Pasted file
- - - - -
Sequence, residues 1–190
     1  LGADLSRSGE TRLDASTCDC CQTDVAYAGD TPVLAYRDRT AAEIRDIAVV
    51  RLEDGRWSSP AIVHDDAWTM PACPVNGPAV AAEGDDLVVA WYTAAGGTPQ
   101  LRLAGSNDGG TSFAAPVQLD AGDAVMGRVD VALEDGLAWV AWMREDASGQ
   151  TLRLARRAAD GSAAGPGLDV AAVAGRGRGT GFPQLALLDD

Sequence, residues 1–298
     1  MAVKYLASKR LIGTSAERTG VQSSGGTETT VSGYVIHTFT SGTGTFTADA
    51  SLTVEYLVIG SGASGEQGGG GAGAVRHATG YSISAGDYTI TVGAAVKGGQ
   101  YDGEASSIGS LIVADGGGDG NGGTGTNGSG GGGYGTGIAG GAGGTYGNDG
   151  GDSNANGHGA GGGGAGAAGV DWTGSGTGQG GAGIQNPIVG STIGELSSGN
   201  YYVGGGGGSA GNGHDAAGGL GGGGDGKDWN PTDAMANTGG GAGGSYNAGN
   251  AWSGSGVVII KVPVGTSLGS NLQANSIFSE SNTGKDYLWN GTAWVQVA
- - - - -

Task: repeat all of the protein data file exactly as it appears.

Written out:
Sequence, residues 1–190
     1  LGADLSRSGE TRLDASTCDC CQTDVAYAGD TPVLAYRDRT AAEIRDIAVV
    51  RLEDGRWSSP AIVHDDAWTM PACPVNGPAV AAEGDDLVVA WYTAAGGTPQ
   101  LRLAGSNDGG TSFAAPVQLD AGDAVMGRVD VALEDGLAWV AWMREDASGQ
   151  TLRLARRAAD GSAAGPGLDV AAVAGRGRGT GFPQLALLDD

Sequence, residues 1–298
     1  MAVKYLASKR LIGTSAERTG VQSSGGTETT VSGYVIHTFT SGTGTFTADA
    51  SLTVEYLVIG SGASGEQGGG GAGAVRHATG YSISAGDYTI TVGAAVKGGQ
   101  YDGEASSIGS LIVADGGGDG NGGTGTNGSG GGGYGTGIAG GAGGTYGNDG
   151  GDSNANGHGA GGGGAGAAGV DWTGSGTGQG GAGIQNPIVG STIGELSSGN
   201  YYVGGGGGSA GNGHDAAGGL GGGGDGKDWN PTDAMANTGG GAGGSYNAGN
   251  AWSGSGVVII KVPVGTSLGS NLQANSIFSE SNTGKDYLWN GTAWVQVA